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The Wall Street Journal

Prof. Stuart Madnick writes for The Wall Street Journal about how flaws in a company’s cybersecurity defenses can lead to cyberattacks. “Every decision regarding cybersecurity must weigh the benefits of not doing something (cost savings or the faster growth) against the increased risk to the organization,” writes Madnick.

Scientific American

Steven Gonzalez Monserrate PhD ’22 writes for Scientific American about the ecological and environmental implications of our digital lives. “As [the cloud] continues to expand, its environmental impact increases, even as the engineers, technicians, and executives behind its infrastructures strive to balance profitability with sustainability,” writes Gonzalez Monserrate.

WCVB

Prof. Stuart Madnick speaks with WCBV-TV reporter David Bienick about concerns surrounding Russian cyberattacks. “Madnick suggests that in order to protect themselves from cyberattack, people should update their computer protection systems and be extra leery of suspicious emails and links,” says Bienick.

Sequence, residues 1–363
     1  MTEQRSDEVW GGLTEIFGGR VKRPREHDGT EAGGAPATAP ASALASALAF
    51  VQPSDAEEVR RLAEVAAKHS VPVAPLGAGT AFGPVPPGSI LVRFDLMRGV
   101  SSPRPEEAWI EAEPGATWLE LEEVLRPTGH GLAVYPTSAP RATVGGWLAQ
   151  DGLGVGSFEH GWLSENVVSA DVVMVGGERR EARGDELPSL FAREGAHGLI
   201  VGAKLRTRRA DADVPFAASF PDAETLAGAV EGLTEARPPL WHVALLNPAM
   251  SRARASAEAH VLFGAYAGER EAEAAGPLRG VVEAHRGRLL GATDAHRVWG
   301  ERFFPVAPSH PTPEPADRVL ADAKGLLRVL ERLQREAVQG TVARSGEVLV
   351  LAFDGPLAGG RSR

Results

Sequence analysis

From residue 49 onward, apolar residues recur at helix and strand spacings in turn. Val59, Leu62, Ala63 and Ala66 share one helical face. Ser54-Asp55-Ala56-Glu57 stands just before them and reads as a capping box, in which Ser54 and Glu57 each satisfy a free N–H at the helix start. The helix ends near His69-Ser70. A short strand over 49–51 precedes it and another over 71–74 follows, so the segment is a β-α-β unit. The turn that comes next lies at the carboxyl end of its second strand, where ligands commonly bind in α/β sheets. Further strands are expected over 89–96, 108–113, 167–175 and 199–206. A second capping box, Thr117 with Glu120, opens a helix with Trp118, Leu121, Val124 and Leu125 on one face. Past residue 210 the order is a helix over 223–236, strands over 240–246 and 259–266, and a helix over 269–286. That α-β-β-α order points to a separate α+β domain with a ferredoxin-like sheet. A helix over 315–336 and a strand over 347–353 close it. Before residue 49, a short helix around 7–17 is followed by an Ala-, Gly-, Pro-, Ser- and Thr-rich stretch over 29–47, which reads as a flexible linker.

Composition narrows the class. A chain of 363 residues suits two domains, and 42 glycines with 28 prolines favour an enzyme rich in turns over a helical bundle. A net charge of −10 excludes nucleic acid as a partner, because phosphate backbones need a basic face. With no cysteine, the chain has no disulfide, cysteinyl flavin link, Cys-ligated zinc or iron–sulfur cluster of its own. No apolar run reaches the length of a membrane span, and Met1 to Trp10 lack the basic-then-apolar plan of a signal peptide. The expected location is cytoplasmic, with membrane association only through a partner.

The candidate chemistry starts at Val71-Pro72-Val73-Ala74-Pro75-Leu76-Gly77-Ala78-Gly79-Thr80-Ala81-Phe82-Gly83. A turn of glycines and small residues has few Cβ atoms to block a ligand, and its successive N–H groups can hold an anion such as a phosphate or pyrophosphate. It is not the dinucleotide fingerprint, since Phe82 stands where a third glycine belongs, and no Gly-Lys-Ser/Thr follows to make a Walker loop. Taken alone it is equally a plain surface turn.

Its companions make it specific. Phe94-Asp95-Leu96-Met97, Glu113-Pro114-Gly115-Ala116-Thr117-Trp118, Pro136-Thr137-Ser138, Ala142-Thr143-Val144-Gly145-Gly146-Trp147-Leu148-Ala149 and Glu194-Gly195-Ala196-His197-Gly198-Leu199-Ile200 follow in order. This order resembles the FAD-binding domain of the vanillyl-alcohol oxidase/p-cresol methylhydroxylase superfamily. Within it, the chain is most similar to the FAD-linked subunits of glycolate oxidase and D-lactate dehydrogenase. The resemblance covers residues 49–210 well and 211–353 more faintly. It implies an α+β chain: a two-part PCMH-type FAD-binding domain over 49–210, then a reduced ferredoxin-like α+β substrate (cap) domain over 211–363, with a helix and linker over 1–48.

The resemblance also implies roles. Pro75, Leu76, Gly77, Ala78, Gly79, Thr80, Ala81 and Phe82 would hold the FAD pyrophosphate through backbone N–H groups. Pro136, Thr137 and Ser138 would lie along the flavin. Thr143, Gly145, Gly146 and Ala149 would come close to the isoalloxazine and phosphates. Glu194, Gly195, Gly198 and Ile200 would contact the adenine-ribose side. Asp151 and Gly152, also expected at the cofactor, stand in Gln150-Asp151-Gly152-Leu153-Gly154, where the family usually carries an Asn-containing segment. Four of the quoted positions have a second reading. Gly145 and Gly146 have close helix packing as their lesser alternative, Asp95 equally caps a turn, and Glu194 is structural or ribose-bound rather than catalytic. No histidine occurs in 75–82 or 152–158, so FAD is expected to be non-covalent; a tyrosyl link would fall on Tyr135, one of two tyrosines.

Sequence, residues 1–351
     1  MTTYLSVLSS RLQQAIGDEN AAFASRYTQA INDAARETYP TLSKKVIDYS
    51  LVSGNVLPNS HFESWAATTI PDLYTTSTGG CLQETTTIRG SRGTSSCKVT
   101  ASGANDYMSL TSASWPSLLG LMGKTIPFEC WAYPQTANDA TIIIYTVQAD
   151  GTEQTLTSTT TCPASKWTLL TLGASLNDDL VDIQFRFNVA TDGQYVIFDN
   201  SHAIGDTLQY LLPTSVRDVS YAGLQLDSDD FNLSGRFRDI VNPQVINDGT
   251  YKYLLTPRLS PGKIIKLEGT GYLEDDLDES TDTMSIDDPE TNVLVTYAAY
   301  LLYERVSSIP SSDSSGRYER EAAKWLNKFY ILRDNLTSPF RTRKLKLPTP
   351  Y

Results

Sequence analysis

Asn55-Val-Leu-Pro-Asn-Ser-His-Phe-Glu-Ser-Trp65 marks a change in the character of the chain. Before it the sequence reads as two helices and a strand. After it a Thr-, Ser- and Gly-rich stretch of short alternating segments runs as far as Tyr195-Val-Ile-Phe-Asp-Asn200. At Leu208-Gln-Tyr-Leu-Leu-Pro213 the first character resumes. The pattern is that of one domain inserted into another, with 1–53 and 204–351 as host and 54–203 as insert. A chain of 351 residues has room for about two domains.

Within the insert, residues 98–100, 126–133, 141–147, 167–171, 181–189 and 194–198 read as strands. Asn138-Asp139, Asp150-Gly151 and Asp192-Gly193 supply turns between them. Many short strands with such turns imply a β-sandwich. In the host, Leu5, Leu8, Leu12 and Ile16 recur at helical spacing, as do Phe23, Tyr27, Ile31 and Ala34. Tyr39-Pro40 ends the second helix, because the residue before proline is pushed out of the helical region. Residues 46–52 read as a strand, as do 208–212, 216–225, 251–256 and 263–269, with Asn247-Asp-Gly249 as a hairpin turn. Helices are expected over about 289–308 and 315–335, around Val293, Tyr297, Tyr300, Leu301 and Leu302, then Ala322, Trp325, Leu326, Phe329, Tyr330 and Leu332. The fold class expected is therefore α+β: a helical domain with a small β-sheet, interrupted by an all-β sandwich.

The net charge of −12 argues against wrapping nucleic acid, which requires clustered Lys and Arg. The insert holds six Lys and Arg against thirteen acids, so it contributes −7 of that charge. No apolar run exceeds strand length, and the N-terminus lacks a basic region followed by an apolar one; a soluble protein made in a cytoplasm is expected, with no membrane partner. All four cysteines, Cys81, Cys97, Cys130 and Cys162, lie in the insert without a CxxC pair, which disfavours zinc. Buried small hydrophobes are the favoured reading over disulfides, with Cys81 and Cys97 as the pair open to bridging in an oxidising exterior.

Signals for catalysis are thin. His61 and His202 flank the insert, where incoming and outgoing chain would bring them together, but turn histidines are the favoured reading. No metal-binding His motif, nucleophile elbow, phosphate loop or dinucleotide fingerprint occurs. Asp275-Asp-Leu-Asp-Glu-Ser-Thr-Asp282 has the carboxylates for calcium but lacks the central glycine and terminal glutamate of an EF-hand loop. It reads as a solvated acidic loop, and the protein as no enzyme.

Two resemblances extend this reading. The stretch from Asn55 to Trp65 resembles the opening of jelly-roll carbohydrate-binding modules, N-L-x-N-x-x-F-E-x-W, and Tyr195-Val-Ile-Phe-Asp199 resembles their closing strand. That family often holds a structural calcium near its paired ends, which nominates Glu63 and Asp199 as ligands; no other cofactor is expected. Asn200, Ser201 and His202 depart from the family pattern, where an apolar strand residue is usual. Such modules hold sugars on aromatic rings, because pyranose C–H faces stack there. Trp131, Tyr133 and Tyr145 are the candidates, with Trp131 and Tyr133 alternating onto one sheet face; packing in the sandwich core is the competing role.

Bloomberg

Prof. David Rand and Prof. Gordon Pennycook of the University of Regina in Canada found that people improved the accuracy of their social media posts when asked to rate the accuracy of the headline first, reports Faye Flam for Bloomberg. “It’s not necessarily that [users] don’t care about accuracy. But instead, it’s that the social media context just distracts them, and they forget to think about whether it’s accurate or not before they decide to share it,” says Rand.

The Boston Globe

Boston Globe reporter Aaron Pressman spotlights Prof. Tim Berners-Lee’s startup, Inrupt, for creating open-sourced based software applications that protect and maintain digital data. “The idea is that a person or company could stash important personal or business data in a digital space, kind of like an online locker,” writes Pressman.

Politico